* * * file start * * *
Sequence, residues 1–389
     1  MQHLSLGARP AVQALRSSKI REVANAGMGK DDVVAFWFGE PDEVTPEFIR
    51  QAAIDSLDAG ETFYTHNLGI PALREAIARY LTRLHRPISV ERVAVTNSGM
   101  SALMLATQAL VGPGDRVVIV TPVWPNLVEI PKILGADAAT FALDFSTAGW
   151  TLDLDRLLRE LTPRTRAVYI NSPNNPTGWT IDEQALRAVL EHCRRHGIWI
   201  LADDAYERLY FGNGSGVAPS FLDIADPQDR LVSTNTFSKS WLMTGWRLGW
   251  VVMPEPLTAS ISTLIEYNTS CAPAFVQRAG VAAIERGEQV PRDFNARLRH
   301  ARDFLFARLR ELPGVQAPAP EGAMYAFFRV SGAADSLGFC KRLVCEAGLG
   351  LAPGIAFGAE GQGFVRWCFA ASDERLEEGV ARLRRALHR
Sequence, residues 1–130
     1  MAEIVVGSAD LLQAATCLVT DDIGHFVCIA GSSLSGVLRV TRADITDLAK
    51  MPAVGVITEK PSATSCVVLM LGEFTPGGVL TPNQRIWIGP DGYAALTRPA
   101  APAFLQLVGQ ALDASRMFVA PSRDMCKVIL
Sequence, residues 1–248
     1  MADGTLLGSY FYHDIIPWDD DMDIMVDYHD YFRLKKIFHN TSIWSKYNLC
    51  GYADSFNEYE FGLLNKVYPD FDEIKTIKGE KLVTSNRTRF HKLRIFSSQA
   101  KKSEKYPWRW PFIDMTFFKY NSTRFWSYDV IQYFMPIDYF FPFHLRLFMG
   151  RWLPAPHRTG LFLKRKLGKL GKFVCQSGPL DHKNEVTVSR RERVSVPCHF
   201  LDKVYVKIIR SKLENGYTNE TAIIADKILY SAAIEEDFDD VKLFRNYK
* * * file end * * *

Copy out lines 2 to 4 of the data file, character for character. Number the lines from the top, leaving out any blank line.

     1  MQHLSLGARP AVQALRSSKI REVANAGMGK DDVVAFWFGE PDEVTPEFIR
    51  QAAIDSLDAG ETFYTHNLGI PALREAIARY LTRLHRPISV ERVAVTNSGM
   101  SALMLATQAL VGPGDRVVIV TPVWPNLVEI PKILGADAAT FALDFSTAGW